[ILLUSTRATED INTERVIEW] He compares life in Taiwan to life in Minnesota

New to SPA this year, sophomore Calvin He shares about his previous international schooling experience and some things he’s looking forward to in coming back to Minnesota and starting fresh at a new school.

Q: Where did you go to school before coming to SPA?

A:[Before coming to SPA,] I went to Taipei American School. It’s an International School in Taipei City in Taiwan. And, yeah, it has an American curriculum and everything. So, it’s not that different from the US, a private school like SPA, or any other private school you’d seen in the US.

He attended school at TAS in Taipei, Taiwan, for two years prior to coming to SPA. (Elle Chen)

Q: Why did you decide to attend SPA?

A: I don’t know where we heard of SPA, but I remember in like, middle school I toured it and you know, it really caught my parents’ eye and they really liked what the school had to offer. And they also liked that it’s quite similar [to TAS] so it’d be easier for me to transition back to living in the US.

He’s parents were drawn to the similarities between SPA and TAS which would ease his transition back to life in Minnesota. (Elle Chen)

Q: What are some of the biggest differences between TAS and SPA?

A: I’d say like, I guess the people… it was mainly like Asian people and they’re kind of born competitive. Not to be racist or in a negative way but they’re just more competitive. Everyone’s always comparing with each other. You’re always pressured to do more, always excel. But here, by the impression I’ve gotten so far, I guess people are more laid back, not to say people don’t put pressure on themselves but overall, that’s the vibe I get from SPA so far.

The environment and values that TAS students grew up in caused them to be more academically competitive compared to kids at SPA. (Elle Chen)

Q: What is a class or course you’re looking forward to taking at SPA?

A: Maybe, debate or robotics. They’re interesting because I had a little debate experience and robotics, or programming experience in my last school and it’d be nice to you know, not let that go to waste and use that.

With some previous exposure to debate and robotics at TAS, He would like to continue them at SPA as well. (Elle Chen)

Q: What is one thing you’re looking forward to once we start the hybrid plan?

A: Meeting new people, because with online school, it’s really hard to get to know people one on one. You’re either in a breakout room or listening to the teacher lecture. You don’t really see what people do in your school or what your classmates are like outside of class, right. So, you know, I’m kind of excited for that aspect of school.

With Distance Learning in full effect, He is looking forward to the day when he can finally meet his classmates in person. (Elle Chen)

Q: What is your favorite class at SPA so far?

A: My favorite class is honors biology. Seems pretty cool, and [my teacher, Ms. Drilling] she taught at the school I went to so I connected very well with the teacher and I just liked the subject of biology and the structure of the class. It’s a really hands-on experience so it doesn’t really feel like the online school impacted as much or feels more like you’re in a classroom if you do labs and hands-on stuff.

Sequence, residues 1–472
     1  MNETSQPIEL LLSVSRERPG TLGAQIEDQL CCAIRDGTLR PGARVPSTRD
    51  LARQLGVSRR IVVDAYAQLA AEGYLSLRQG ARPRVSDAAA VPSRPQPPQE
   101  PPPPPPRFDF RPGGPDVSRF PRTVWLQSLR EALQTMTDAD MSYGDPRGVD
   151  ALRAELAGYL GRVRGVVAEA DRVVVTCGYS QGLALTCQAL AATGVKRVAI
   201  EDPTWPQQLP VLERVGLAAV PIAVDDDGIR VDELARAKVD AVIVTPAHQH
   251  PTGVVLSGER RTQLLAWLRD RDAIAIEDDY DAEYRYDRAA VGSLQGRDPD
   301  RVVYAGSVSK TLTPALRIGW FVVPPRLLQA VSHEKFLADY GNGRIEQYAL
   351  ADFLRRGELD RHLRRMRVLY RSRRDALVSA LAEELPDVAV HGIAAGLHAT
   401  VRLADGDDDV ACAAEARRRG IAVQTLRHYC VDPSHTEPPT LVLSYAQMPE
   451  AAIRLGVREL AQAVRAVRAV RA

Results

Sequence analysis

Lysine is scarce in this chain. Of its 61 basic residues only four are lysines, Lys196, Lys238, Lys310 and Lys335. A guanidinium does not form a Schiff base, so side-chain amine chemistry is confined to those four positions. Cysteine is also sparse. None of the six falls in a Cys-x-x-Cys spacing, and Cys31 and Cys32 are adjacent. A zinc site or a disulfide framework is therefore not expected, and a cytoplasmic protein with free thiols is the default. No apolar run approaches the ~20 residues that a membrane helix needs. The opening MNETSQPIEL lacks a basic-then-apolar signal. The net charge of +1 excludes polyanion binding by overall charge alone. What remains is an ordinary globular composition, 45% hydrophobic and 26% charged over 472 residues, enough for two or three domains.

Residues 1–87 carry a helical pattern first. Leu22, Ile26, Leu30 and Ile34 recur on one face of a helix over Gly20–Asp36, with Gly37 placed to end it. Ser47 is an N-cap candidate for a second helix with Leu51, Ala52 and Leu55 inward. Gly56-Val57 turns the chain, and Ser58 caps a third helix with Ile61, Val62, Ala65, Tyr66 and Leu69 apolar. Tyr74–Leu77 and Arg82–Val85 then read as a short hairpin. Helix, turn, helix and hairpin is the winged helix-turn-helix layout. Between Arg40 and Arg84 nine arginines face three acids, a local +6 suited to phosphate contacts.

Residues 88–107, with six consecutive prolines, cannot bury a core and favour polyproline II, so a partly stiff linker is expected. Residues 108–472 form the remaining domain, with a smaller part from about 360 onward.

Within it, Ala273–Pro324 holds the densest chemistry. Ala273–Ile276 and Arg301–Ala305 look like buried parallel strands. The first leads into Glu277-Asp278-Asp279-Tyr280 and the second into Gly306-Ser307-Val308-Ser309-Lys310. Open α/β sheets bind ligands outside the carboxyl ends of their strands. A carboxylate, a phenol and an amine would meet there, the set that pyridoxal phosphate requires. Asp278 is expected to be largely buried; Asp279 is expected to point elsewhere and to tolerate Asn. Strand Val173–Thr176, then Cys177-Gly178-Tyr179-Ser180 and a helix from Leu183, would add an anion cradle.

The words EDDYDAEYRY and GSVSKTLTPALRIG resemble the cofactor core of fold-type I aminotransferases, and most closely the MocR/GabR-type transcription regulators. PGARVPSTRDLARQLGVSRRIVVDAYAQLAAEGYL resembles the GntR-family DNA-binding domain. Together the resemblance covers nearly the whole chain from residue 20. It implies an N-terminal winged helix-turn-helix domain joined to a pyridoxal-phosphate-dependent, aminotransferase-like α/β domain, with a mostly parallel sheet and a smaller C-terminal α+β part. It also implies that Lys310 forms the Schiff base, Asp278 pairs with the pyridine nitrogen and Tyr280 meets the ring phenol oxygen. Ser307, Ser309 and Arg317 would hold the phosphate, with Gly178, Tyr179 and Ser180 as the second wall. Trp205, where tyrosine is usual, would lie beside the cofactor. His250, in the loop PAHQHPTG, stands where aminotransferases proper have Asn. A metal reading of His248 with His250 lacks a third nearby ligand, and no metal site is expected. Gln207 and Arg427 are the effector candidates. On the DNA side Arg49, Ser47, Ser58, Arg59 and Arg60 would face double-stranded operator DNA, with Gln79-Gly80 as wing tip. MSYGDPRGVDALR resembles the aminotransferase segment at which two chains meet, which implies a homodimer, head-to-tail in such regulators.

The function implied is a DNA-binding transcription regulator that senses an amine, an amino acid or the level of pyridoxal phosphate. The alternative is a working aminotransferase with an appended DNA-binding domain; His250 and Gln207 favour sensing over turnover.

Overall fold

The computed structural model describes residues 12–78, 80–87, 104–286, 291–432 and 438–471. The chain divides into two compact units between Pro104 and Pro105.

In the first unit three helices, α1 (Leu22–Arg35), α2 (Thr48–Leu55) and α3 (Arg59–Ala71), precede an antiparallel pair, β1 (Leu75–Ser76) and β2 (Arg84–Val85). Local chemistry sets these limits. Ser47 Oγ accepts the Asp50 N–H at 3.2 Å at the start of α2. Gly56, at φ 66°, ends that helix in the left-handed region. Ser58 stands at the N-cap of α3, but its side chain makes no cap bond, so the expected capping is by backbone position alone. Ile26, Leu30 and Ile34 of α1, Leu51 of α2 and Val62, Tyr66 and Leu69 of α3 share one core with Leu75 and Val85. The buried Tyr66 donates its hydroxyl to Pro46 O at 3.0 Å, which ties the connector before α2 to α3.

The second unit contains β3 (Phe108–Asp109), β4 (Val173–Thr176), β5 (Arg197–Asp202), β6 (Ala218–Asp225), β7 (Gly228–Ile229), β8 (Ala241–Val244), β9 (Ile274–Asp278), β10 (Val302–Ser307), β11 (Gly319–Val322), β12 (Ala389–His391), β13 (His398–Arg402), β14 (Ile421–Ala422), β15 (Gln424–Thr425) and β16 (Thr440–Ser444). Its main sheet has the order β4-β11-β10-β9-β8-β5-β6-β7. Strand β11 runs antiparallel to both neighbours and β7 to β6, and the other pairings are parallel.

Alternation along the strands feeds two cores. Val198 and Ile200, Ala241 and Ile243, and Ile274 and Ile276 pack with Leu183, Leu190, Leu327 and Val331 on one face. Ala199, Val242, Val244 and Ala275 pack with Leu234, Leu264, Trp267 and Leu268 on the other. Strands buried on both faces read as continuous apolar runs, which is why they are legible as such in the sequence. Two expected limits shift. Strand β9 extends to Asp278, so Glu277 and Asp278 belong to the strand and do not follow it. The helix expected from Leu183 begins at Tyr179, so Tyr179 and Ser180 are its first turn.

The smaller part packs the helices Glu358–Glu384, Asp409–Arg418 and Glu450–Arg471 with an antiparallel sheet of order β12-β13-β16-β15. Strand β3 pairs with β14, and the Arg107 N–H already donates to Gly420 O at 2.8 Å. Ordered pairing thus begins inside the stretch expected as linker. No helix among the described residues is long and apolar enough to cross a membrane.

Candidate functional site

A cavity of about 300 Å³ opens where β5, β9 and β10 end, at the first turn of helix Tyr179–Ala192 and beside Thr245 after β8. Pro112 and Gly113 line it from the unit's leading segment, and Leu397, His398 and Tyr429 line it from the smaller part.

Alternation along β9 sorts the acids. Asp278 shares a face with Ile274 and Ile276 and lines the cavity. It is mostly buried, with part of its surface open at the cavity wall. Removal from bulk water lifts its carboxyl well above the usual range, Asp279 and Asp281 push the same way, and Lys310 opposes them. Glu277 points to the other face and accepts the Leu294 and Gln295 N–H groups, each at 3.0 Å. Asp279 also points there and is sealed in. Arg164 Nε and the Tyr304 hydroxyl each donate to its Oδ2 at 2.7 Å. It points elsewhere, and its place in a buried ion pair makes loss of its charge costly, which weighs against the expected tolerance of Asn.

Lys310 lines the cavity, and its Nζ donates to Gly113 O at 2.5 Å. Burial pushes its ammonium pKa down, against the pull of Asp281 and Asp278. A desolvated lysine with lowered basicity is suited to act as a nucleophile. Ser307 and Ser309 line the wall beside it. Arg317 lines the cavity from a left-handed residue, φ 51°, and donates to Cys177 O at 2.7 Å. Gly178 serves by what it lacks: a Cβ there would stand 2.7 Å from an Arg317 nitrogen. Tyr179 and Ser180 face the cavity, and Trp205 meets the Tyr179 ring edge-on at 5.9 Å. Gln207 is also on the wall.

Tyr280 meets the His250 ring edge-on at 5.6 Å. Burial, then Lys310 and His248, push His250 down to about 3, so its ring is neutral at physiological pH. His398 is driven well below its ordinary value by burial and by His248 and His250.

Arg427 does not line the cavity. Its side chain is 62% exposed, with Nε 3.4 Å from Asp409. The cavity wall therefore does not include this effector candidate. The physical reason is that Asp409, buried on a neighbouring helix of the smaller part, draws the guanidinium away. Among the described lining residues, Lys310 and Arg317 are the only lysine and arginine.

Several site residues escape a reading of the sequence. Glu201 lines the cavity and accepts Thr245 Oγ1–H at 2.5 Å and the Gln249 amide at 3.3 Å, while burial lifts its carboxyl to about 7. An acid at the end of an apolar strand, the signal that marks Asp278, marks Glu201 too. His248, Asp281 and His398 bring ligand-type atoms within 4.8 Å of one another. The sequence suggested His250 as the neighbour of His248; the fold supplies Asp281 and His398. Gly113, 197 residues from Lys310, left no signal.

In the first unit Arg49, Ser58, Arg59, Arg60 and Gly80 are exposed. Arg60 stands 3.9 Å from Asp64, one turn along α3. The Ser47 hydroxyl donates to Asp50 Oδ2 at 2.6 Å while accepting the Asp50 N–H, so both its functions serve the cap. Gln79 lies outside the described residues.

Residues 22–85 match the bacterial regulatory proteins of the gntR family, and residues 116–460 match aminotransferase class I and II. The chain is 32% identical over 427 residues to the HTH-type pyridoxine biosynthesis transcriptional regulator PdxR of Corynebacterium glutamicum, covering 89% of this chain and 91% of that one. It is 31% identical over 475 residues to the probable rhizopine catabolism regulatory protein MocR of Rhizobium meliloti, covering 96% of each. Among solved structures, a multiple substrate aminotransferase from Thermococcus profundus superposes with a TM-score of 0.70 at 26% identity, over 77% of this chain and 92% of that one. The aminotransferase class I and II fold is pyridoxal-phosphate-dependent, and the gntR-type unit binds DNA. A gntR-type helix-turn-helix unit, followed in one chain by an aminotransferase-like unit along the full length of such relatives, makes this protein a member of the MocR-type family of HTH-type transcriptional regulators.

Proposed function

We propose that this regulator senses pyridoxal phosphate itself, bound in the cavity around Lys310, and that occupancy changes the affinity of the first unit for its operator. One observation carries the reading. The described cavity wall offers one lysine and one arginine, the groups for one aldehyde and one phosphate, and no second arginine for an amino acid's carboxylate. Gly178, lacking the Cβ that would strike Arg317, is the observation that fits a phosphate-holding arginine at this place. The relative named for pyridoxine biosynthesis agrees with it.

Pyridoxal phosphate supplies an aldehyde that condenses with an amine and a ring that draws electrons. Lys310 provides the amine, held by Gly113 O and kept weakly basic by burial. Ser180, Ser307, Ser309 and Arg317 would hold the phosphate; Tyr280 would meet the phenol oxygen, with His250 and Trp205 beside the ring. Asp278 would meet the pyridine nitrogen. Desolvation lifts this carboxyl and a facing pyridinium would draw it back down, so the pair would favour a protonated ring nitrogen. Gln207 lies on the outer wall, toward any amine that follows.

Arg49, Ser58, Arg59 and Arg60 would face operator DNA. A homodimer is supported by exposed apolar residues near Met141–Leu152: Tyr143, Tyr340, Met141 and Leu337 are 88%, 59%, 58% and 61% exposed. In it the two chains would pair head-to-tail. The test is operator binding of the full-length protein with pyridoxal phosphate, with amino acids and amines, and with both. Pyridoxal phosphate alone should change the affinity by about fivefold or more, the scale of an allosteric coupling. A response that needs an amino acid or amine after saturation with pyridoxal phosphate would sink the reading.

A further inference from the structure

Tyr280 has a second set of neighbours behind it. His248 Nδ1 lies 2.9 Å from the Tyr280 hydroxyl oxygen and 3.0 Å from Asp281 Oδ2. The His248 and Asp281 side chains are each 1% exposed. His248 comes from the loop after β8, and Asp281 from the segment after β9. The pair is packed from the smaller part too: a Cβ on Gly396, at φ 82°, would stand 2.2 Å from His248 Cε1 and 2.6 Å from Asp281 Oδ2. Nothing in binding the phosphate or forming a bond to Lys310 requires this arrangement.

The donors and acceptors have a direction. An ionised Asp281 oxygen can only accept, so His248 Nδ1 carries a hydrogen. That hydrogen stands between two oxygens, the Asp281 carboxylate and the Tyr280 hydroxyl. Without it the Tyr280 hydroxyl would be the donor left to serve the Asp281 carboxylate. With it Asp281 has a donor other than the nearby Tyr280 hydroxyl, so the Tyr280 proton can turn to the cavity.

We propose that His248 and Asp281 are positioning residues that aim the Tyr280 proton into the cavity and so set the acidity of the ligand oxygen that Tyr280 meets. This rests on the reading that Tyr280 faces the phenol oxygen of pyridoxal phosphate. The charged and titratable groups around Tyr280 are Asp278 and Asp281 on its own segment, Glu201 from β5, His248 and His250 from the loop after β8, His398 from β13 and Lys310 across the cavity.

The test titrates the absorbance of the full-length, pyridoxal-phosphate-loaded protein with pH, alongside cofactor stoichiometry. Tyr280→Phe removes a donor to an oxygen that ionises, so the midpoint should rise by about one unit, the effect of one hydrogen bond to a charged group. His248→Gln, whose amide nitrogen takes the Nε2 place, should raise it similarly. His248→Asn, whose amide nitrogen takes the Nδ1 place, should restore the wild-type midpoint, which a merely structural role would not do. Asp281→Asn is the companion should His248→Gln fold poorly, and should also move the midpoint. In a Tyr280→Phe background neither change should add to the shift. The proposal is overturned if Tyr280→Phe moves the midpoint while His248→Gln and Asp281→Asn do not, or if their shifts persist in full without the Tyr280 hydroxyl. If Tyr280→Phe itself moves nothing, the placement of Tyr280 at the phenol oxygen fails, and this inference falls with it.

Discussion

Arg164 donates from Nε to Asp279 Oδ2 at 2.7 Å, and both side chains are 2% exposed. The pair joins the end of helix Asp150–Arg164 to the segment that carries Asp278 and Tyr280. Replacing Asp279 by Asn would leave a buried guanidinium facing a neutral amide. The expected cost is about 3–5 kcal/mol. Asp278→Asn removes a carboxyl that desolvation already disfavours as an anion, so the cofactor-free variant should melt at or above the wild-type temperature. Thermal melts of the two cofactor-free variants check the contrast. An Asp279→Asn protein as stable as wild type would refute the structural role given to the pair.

He’s favorite class so far is Biology. However, he has yet to experience the peculiar grading system of 5, 6, 8, and 10s. (Elle Chen)

Q: What do you like to do in your free time?

A: Play video games, YouTube, and I run occasionally. What else? Just lounging, do nothing.

Some of He’s hobbies include running, watching YouTube, and playing video games.

Q: What’s been the hardest transition for you from Taiwan back to Minnesota?

A: I guess, the lifestyle, like transitioning from city lifestyle to suburban. You know in Taipei it’s a big city and everyone lives so close and transportation is so easily accessible so you don’t need to drive anywhere. You could walk everywhere because everything, the population density is so big, so everything’s really just tightly packed together, so it’s really easy to get around. But then, you know, when you move to suburban Minnesota it’s so different because you have to drive everywhere, Everything’s so far apart. That was really weird for me because then [now] I had to start relying on my parents to drive me.

Another thing I guess is going back to being a minority. Because I’m ethnically Asian and Taiwan is also an ethnically Asian country so there are lots of Asian people there. So, when I went to Taiwan, you know, the white people there were foreigners. But then once you move back to the US, you suddenly feel like your the tables are turned and it’s just really, for the first couple of weeks really weird… afterward, you get used to it again and it’s all fine.

Another huge change in He’s life after moving back to the Twin Cities was the racial demographics. (Elle Chen)

Q: What are you most looking forward to after moving back to Minnesota?

A: Winter, snow. Taiwan’s a tropical country, so no snow there. And I haven’t seen snow for more than a year and that’s something I dearly missed.

In Taiwan, snow was nowhere to be seen no matter the time of year. (Elle Chen)